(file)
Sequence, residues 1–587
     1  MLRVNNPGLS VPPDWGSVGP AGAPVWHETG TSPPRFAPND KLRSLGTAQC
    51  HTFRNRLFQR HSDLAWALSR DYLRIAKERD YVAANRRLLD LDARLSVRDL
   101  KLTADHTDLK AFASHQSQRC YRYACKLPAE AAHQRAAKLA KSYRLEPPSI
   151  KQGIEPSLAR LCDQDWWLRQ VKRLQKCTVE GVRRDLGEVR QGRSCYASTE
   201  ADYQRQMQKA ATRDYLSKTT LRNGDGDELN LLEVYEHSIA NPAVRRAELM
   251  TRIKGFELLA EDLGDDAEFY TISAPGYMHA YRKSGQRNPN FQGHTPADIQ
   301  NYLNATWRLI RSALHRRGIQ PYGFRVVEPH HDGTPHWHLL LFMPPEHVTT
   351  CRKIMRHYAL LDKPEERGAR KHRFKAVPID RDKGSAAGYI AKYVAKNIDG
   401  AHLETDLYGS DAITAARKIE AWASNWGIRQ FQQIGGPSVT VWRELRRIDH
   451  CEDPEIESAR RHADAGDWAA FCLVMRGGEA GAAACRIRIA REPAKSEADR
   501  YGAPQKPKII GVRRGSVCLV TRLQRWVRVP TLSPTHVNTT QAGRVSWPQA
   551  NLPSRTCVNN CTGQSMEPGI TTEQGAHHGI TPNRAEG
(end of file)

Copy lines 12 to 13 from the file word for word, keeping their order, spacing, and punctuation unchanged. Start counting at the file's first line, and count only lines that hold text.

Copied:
   501  YGAPQKPKII GVRRGSVCLV TRLQRWVRVP TLSPTHVNTT QAGRVSWPQA
   551  NLPSRTCVNN CTGQSMEPGI TTEQGAHHGI TPNRAEG